Analysis Of A Reality TV Show's Human Network

We live in an interconnected world. As humans, we connect with others all the time. We have strong networks, family, friends and that clique at work. We also have weak connections to others. You know, Tshepo from HR (you nod at him every day but don’t really know him), Mike the petrol attendant who always asks you for your thoughts on that upcoming Orlando Pirates football game.

These types of connections, physical connections, for a long part of our history as the human race, were the norm. A lot has been written about these connections and how we as social beings gain a lot from them.

Then we started to communicate across distances, increasing our reach. From cave paintings and smoke signals to writing and the telephone. This type of communication allowed us to keep up relationships and connections that would normally become weak or die altogether.

Then, in the 21st century, comes the acceleration of online social networks. Now, even those connections you wish would die (those mates from primary school, who you played with like once at the playground, are now always commenting on your Facebook statuses) can survive. There is another side to this that can be more insightful now. Social networks such as Twitter (by default open and don’t require reciprocal following, people you follow don’t necessarily have to follow you), allow spontaneous discussion and creation of temporary strong networks that center on some topic and die off once the topic's popularity plunges.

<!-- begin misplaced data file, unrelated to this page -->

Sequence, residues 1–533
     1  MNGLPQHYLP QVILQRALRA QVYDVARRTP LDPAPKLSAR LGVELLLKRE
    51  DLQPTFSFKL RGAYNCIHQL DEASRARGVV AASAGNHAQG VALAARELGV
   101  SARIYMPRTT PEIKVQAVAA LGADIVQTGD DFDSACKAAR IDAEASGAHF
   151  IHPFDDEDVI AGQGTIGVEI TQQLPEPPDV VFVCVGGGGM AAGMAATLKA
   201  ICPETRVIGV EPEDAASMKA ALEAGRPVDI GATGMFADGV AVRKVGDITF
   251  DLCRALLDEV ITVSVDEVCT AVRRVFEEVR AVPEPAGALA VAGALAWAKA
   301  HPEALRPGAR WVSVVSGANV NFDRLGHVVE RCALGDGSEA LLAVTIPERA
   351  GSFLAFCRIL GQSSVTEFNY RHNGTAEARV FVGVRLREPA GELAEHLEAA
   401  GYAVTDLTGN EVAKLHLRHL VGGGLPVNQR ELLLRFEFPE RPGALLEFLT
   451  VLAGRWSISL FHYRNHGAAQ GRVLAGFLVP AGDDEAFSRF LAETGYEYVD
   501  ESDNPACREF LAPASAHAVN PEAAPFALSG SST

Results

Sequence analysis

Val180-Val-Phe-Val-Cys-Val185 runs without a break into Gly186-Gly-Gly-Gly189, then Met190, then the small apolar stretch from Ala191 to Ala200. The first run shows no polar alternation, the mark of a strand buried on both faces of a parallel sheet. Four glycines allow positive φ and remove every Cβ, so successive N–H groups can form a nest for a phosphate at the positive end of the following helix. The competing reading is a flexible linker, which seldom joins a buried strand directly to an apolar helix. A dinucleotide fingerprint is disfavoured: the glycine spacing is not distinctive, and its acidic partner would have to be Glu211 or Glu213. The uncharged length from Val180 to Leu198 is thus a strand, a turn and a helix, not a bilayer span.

Understanding these type of networks may allow us to get a 21st century understanding about how we congregate online. Why not then look at how we congregate around shared public experiences. In this case, interactive reality TV has all the perfect ingredients to make for public discussion: some tension between cast members, public voting, and loyal fan-bases.

So step in the 2015 Big Brother Mzansi (#BBMzansi). BBMzansi was a more popular search trend than Mmusi Maimane (during his ascension to DA leadership)

BBMzansi Network

So what can we learn from the #BBMzansi network then?

Maybe we should first see what questions can be asked when we have data from people tweeting about #BBMzansi. To do this, I collected 559,781 tweets about #BBMzansi while the show was still on TV.

Keep in mind these half a million tweets, are just a sample that Twitter allows us to see, so there were way more than that. That means we have millions of 140 character content spontaneously created by Twitter Users.

What a time to be alive!

More numbers, the most mentioned account in the whole network is naturally the show's account @BBMzansi, but what does the top 5 look like?

Twitter User Mentions
@BBMzansi 112,062
@lazbeinfamous 14,839
@katlego_moloko 8,999
@kay_nkgudi 6,905

As we can see here, the user @lazbeinfamous commanded a lot of attention amongst other users.

We construct a directed network/graph by having users as nodes and a mention as a link/edge between those nodes. If we were to visualise a part of that network, let's say around @lazbeinfamous it would look something like this.

Part of the #BBMzansi Reciprocal network